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To assess trends in life expectancy and the contribution of specific causes of death to Native American-White longevity gaps in the Four Corners states, we used death records from the National Center for Health Statistics and population estimates from the U.S. Census Bureau from 1999–2017 to generate period life tables and decompose racial gaps in life expectancy. Native American-White life expectancy gaps narrowed between 2001 and 2012 but widened thereafter, reaching 4.92 years among males and 2.06 years among females in 2015. The life expectancy disadvantage among Native American males was primarily attributable to motor vehicle accidents (0.96 years), liver disease (1.22 years), and diabetes (0.78 years). These causes of deaths were also primary contributors to the gap among females, forming three successive waves of mortality that occurred in young adulthood, midlife, and late adulthood, respectively, among Native American males and females. Interventions to reduce motor vehicle accidents in early adulthood, alcohol-related mortality in midlife, and diabetes complications at older ages could reduce Native American-White longevity disparities in the Four Corners states.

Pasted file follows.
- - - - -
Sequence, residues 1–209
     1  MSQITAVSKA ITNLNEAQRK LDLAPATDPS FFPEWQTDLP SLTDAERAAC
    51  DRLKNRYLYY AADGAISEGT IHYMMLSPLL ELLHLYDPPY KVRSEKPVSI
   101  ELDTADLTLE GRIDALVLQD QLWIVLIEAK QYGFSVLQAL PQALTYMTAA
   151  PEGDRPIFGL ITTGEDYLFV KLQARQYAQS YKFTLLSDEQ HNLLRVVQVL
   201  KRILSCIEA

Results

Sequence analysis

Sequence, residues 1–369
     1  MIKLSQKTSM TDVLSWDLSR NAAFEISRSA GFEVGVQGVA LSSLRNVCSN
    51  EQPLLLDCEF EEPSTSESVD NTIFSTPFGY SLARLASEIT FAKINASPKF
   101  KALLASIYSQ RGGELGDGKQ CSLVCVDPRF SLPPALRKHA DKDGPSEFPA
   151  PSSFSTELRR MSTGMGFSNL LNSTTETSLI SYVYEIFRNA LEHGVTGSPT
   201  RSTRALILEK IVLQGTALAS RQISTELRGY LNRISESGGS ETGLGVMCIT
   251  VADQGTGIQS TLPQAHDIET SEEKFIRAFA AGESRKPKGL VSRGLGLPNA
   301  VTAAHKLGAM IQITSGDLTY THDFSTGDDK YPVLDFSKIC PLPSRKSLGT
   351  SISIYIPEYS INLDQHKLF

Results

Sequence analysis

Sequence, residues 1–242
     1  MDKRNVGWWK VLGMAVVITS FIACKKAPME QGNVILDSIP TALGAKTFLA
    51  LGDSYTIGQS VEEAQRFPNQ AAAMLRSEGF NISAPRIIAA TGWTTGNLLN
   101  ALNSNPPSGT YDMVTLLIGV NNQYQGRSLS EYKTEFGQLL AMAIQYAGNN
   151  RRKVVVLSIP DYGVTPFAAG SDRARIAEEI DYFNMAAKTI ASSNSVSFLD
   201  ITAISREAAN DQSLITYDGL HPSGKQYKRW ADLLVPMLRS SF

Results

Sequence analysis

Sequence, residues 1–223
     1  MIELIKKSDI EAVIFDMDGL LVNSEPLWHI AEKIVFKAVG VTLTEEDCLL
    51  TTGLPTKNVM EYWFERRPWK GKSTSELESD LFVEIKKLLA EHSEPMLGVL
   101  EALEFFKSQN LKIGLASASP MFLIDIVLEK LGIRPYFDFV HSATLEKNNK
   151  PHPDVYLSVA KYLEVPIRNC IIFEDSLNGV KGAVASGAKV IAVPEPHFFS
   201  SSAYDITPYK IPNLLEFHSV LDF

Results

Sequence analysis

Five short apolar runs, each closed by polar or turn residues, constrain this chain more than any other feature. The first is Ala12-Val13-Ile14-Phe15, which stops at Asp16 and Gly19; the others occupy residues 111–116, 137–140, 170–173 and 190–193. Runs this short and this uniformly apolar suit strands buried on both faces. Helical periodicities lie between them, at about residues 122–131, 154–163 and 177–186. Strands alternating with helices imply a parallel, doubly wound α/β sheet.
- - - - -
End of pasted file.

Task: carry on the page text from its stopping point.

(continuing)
Omisakin, Olusola, Park, Hyojun, Roberts, Max, and Reither, Eric. "Contributors to Reduced Life Expectancy Among Native Americans in the Four Corners States." PLoS ONE, 2021. https://doi.org/10.1371/journal.pone.0256307